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Consumption of fish and n-3 fatty acids and risk of incident Alzheimer disease.

Abstract

BACKGROUND

Dietary n-3 polyunsaturated fatty acids improve brain functioning in animal studies, but there is limited study of whether this type of fat protects against Alzheimer disease.

OBJECTIVE

To examine whether fish consumption and intake of different types of n-3 fatty acids protect against Alzheimer disease.

DESIGN

Prospective study conducted from 1993 through 2000, of a stratified random sample from a geographically defined community. Participants were followed up for an average of 3.9 years for the development of Alzheimer disease.

PATIENTS

A total of 815 residents, aged 65 to 94 years, who were initially unaffected by Alzheimer disease and completed a dietary questionnaire on average 2.3 years before clinical evaluation of incident disease.

MAIN OUTCOME MEASURES

Incident Alzheimer disease diagnosed in a structured neurologic examination by means of standardized criteria.

RESULTS

A total of 131 sample participants developed Alzheimer disease. Participants who consumed fish once per week or more had 60% less risk of Alzheimer disease compared with those who rarely or never ate fish (relative risk, 0.4; 95% confidence interval, 0.2-0.9) in a model adjusted for age and other risk factors. Total intake of n-3 polyunsaturated fatty acids was associated with reduced risk of Alzheimer disease, as was intake of docosahexaenoic acid (22:6n-3). Eicosapentaenoic acid (20:5n-3) was not associated with Alzheimer disease. The associations remained unchanged with additional adjustment for intakes of other dietary fats and of vitamin E and for cardiovascular conditions.

CONCLUSION

Dietary intake of n-3 fatty acids and weekly consumption of fish may reduce the risk of incident Alzheimer disease.

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  • Publisher Full Text
  • Authors+Show Affiliations

    ,

    Rush Institute for Healthy Aging, Department of Internal Medicine, Rush Alzheimer's Disease Center, Rush-Presbyterian-St Luke's Medical Center, Chicago, IL 60612, USA. Marth_C_Morris@rush.edu

    , , , , , ,

    Source

    Archives of neurology 60:7 2003 Jul pg 940-6

    MeSH

    Aged
    Aged, 80 and over
    Alzheimer Disease
    Diet
    Docosahexaenoic Acids
    Eicosapentaenoic Acid
    Fatty Acids, Omega-3
    Fatty Acids, Unsaturated
    Female
    Follow-Up Studies
    Humans
    Male
    Nutrition Assessment
    Risk Factors
    Seafood

    Pub Type(s)

    Journal Article
    Research Support, U.S. Gov't, P.H.S.

    Language

    eng

    PubMed ID

    12873849

    Citation

    Morris, Martha Clare, et al. "Consumption of Fish and N-3 Fatty Acids and Risk of Incident Alzheimer Disease." Archives of Neurology, vol. 60, no. 7, 2003, pp. 940-6.
    Morris MC, Evans DA, Bienias JL, et al. Consumption of fish and n-3 fatty acids and risk of incident Alzheimer disease. Arch Neurol. 2003;60(7):940-6.
    Morris, M. C., Evans, D. A., Bienias, J. L., Tangney, C. C., Bennett, D. A., Wilson, R. S., ... Schneider, J. (2003). Consumption of fish and n-3 fatty acids and risk of incident Alzheimer disease. Archives of Neurology, 60(7), pp. 940-6.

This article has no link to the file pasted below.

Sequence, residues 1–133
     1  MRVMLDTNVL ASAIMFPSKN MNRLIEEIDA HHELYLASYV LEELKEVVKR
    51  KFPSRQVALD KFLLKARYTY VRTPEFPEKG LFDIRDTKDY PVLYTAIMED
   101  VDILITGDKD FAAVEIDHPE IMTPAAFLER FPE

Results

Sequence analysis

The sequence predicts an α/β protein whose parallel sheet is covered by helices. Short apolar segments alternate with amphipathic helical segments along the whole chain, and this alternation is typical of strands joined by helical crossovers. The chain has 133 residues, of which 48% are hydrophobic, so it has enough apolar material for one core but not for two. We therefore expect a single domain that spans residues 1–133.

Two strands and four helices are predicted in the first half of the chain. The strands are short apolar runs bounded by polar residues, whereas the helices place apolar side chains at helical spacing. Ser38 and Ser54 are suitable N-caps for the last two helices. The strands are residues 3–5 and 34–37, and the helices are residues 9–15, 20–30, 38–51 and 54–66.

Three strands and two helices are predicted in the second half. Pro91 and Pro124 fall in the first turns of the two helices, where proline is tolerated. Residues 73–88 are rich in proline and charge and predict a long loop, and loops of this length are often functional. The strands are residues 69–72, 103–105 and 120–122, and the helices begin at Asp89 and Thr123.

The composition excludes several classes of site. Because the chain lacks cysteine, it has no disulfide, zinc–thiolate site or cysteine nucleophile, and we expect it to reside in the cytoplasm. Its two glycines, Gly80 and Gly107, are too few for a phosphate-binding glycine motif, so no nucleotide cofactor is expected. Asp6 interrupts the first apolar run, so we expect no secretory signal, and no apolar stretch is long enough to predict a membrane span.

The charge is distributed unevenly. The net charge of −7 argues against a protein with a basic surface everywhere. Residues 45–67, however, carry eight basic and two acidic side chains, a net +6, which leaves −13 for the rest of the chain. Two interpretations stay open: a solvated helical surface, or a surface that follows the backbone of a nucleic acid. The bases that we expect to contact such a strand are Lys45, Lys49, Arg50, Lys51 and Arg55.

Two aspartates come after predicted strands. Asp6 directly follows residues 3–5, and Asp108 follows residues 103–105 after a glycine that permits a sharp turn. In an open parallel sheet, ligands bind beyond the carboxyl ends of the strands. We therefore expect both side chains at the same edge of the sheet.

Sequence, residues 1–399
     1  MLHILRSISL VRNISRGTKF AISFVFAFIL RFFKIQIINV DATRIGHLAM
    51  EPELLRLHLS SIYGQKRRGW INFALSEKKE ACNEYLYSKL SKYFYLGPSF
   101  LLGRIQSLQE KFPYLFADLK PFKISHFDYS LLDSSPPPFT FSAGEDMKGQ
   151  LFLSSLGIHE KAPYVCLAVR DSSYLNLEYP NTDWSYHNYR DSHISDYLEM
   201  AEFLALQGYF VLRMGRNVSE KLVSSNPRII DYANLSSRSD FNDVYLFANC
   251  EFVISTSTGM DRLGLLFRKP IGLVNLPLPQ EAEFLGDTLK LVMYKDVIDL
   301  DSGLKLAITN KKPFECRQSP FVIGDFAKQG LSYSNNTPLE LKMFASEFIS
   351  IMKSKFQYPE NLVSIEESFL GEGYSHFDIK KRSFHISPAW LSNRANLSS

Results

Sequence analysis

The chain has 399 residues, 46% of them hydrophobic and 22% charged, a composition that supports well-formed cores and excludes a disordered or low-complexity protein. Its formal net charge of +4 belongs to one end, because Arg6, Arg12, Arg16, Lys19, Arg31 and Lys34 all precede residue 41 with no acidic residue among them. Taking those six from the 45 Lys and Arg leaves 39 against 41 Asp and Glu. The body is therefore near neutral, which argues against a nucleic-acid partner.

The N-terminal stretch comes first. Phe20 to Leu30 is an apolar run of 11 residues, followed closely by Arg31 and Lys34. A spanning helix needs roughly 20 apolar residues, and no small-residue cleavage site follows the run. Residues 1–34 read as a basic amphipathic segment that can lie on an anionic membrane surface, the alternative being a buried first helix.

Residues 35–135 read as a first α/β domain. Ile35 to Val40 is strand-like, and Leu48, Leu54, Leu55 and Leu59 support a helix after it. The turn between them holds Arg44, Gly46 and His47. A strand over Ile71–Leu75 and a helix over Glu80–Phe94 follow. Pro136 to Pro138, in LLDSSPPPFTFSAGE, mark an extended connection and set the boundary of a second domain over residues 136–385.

Morris MC, et al. Consumption of Fish and N-3 Fatty Acids and Risk of Incident Alzheimer Disease. Arch Neurol. 2003;60(7):940-6. PubMed PMID: 12873849.
    * Article titles in AMA citation format should be in sentence-case
    TY - JOUR T1 - Consumption of fish and n-3 fatty acids and risk of incident Alzheimer disease. AU - Morris,Martha Clare, AU - Evans,Denis A, AU - Bienias,Julia L, AU - Tangney,Christine C, AU - Bennett,David A, AU - Wilson,Robert S, AU - Aggarwal,Neelum, AU - Schneider,Julie, PY - 2003/7/23/pubmed PY - 2003/8/7/medline PY - 2003/7/23/entrez SP - 940 EP - 6 JF - Archives of neurology JO - Arch. Neurol. VL - 60 IS - 7 N2 - BACKGROUND: Dietary n-3 polyunsaturated fatty acids improve brain functioning in animal studies, but there is limited study of whether this type of fat protects against Alzheimer disease. OBJECTIVE: To examine whether fish consumption and intake of different types of n-3 fatty acids protect against Alzheimer disease. DESIGN: Prospective study conducted from 1993 through 2000, of a stratified random sample from a geographically defined community. Participants were followed up for an average of 3.9 years for the development of Alzheimer disease. PATIENTS: A total of 815 residents, aged 65 to 94 years, who were initially unaffected by Alzheimer disease and completed a dietary questionnaire on average 2.3 years before clinical evaluation of incident disease. MAIN OUTCOME MEASURES: Incident Alzheimer disease diagnosed in a structured neurologic examination by means of standardized criteria. RESULTS: A total of 131 sample participants developed Alzheimer disease. Participants who consumed fish once per week or more had 60% less risk of Alzheimer disease compared with those who rarely or never ate fish (relative risk, 0.4; 95% confidence interval, 0.2-0.9) in a model adjusted for age and other risk factors. Total intake of n-3 polyunsaturated fatty acids was associated with reduced risk of Alzheimer disease, as was intake of docosahexaenoic acid (22:6n-3). Eicosapentaenoic acid (20:5n-3) was not associated with Alzheimer disease. The associations remained unchanged with additional adjustment for intakes of other dietary fats and of vitamin E and for cardiovascular conditions. CONCLUSION: Dietary intake of n-3 fatty acids and weekly consumption of fish may reduce the risk of incident Alzheimer disease. SN - 0003-9942 UR - https://www.unboundmedicine.com/medline/citation/12873849/Consumption_of_fish_and_n_3_fatty_acids_and_risk_of_incident_Alzheimer_disease_ L2 - https://jamanetwork.com/journals/jamaneurology/fullarticle/vol/60/pg/940 DB - PRIME DP - Unbound Medicine ER -